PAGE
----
It would then require a revaluation subsequently at death to compensate for the misvaluation earlier. It requires a minimum valuation of 20 percent for junior equity, again, something which in very many cases would be contrary to fact.
And it requires all kinds of special rules, elections and adjustments. We have learned already there will have to be a number of technical amendments. I suggest that we are going to have another statutory monster.
Now, we believe that if the problem is valuation, let's attack that problem head on. We asked why has valuation been so difficult for the Internal Revenue Service in those cases where there are abuses? We believe there are two reasons for this.
One, there have been some ill-advised substantive rules of valuation developed by the courts, and second and most often IRS has been operating under a procedural handicap of not learning about these estate freeze valuation problems in a timely fashion.
Therefore, one can go at this problem simply directly and in a straightforward way without the need for all of the complications.
First of all, let's eliminate the bad decisions in calculating value. We have suggested two particular specific areas where there can be change. One is the elimination of an unrealistic minority discount in a transfer, in a 2036(c) situation among family members. It is not really right to simply base your valuation on what is transferred without reference to the fact that the transferor and the transferee are operating together to control the particular corporation.
Second, in a number of situations, there has been a mandated use of table valuations, which are based upon interest assumptions that are totally unrealistic, or on mortality assumptions that are also unrealistic.
We suggest that in appropriate cases, both the IRS and the taxpayer ought to be able to deviate from these rigid assumptions which produce inappropriate results.
If there are other valuation abuses, let the case be made, and they can be dealt with specifically, but I believe we have dealt with the major ones.
Next, we should put sunshine on these transactions in order to give the IRS the chance to scrutinize them. We have suggested that we have an increased reporting procedure, and an extension of the statute of limitations. Even in cases of sales, and in cases where the value of the transferred interest is reported at zero and, hence, under the exclusion, there ought to be a report.
We would allow looking at post-transfer facts as evidence of value. We would limit the credit at death to the tax on the valuation reported. We believe that we have responded to those concerns that Mr. Gideon expressed this morning about soak-up rights.
We do not believe new major principles of law are required. If these matters can be brought to the attention of the IRS and dealt with directly, the abuses can be eliminated.
Mr. LEVIN (presiding]. Thank you.
The District of Columbia Bar
STATEMENT OF DONALD C. LUBICK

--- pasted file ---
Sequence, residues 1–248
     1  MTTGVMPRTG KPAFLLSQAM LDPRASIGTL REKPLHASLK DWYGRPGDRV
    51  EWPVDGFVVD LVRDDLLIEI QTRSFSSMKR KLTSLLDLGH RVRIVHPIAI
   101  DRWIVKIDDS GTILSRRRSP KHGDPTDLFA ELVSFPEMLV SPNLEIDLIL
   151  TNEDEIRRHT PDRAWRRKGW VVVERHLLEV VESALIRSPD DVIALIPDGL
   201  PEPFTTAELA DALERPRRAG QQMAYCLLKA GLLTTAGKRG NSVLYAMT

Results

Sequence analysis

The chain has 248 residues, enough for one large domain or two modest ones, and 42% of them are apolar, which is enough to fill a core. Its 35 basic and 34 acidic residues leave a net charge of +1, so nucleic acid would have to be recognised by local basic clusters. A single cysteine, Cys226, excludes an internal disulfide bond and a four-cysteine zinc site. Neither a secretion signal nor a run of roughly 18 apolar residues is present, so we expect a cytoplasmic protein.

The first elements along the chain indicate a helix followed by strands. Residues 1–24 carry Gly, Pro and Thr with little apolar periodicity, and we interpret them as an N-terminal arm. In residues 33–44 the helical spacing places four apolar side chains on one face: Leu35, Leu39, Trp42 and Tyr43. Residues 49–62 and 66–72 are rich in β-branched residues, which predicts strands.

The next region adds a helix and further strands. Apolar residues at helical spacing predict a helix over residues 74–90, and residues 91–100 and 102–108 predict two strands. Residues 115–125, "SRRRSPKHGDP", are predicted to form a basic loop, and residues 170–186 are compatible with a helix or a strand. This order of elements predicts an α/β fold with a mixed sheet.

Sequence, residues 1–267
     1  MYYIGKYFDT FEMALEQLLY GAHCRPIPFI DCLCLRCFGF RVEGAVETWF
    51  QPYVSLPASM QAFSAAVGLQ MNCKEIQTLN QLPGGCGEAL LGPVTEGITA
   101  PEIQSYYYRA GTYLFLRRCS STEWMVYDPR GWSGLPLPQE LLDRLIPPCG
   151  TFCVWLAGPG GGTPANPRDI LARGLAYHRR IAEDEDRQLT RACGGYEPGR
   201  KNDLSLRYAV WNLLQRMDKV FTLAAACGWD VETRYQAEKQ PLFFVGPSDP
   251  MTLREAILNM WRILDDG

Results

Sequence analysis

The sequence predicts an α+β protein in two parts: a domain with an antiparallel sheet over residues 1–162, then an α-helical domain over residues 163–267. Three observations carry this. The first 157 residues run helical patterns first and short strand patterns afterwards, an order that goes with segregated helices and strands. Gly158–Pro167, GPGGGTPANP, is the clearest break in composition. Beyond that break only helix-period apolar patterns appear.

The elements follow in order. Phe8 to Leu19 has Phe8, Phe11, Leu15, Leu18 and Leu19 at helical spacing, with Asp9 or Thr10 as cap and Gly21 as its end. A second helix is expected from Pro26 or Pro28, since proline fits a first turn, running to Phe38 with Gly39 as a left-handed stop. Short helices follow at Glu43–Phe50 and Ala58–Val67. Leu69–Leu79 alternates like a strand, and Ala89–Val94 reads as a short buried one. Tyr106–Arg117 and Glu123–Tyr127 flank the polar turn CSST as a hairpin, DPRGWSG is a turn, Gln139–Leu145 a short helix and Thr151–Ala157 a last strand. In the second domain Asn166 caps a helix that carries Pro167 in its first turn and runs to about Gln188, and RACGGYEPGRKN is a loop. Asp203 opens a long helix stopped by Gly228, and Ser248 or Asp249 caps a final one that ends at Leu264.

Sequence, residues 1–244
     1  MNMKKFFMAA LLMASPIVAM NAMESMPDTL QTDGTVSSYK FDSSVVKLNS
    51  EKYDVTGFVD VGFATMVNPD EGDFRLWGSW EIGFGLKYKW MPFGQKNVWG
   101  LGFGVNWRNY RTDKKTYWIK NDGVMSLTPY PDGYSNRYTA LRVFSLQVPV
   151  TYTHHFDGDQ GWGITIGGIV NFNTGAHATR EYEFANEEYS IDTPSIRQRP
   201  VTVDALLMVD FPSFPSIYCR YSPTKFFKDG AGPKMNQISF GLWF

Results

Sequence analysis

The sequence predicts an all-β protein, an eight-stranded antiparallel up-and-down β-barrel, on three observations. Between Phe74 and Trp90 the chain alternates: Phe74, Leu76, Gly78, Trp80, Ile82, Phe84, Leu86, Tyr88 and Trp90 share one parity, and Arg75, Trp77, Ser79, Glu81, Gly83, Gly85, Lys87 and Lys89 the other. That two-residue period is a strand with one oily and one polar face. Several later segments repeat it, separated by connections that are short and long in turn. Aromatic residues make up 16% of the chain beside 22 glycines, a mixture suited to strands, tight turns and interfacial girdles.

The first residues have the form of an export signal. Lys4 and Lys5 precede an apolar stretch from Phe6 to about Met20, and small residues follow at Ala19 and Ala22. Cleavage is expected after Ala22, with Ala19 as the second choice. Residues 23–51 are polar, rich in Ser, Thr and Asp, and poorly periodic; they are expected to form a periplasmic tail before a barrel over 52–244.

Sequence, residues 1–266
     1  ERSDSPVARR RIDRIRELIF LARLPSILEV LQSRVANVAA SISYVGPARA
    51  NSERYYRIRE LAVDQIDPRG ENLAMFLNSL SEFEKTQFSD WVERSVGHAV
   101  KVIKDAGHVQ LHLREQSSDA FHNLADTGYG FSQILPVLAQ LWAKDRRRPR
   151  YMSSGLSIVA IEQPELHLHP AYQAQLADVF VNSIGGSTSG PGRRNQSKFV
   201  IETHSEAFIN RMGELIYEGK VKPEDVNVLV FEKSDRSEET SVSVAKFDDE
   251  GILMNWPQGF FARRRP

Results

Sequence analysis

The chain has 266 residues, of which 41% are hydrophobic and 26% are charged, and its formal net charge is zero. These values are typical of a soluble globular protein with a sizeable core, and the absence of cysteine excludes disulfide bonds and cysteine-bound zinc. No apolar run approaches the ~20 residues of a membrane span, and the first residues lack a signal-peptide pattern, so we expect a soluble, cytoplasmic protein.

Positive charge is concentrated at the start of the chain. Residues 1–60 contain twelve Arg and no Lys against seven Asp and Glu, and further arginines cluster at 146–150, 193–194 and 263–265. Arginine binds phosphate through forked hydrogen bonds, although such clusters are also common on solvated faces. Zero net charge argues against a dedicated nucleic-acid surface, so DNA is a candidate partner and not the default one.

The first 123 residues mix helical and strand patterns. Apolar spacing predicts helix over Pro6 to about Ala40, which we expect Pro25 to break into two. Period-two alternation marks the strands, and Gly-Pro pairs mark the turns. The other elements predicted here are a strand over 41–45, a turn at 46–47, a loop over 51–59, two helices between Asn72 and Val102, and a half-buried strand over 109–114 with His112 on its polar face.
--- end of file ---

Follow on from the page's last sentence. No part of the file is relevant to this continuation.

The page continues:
CHAIR, TAX POLICY COMMITTEE
BEFORE THE COMMITTEE ON WAYS AND MEANS, APRIL 24, 1990
The Section of Taxation of the District of Columbia Bar' appreciates the opportunity to comment on both the modification of Section 2036(c) and the Discussion Draft (the "Discussion Draft") released on March 22, 1990. We also offer a proposal (the "Proposal") that incorporates many of the principles of the Discussion Draft but that, in a number of areas, achieves the objectives of the Discussion Draft more simply and consistent with familiar and established legal concepts.
Section 2036(c) was enacted as a part of the Omnibus Budget Reconciliation Act of 1987 ("OBRA 87") to enable the Internal Revenue Service to deal with avoidance of transfer taxes through various devices generically referred to as "estate tax freezes." By using one of these devices a transferor could retain, substantially intact, his interest in the current benefits of ownership of a business, such as management and control and its current income stream, yet still be able to pass increases in its underlying value to his beneficiaries without transfer tax. In the abusive cases, the transferor overvalued the retained interest and valued the donated interest at zero or at a grossly inadequate value.” The classic preferred stock recapitalization and many complex variations on that theme have caused avoidance of transfer taxes, either because the valuation rules before enactment of Section 2036(c) were inadequate to deal with them or because the Service has had inadequate means to detect undervaluations of transferred interests.
Instead of dealing with valuation abuse, Section 2036(c) changed the substantive rules of transfer taxation by a sweeping inclusion, generally at death, of interests transferred during lifetime by an individual who retains an interest in an underlying "enterprise“ apart from property that has been unconditionally and irrevocably transferred. The new law extends well beyond the principal abuse that prompted its enactment, namely undervaluation of the transferred interest in future growth. The statute attempts to cover all intrafamily transfers within the statute's parameters regardless of the correctness of any reported values.
Section 2036(c) has been criticized on all sides, both for introducing expanded new concepts of taxation of property in cases where the transferor has retained no traditional "string" over the transferred property and for its unworkability because of ambiguous and difficult-to-define terms that trigger its application. Such criticism
The views expressed herein represent only those of the Section of Taxation of the District of Columbia Bar and not those of the District of Columbia Bar or its Board of Governors. The Section of Taxation is comprised of approximately 1,400 members.
"Section" references are to the Internal Revenue Code of 1986.
3 Even if the property were properly valued at the time of transfer, the Service found it difficult to discover the subsequent transfers when rights incident to property retained by the transferor were allowed to lapse or were not exercised in an arm'slength manner.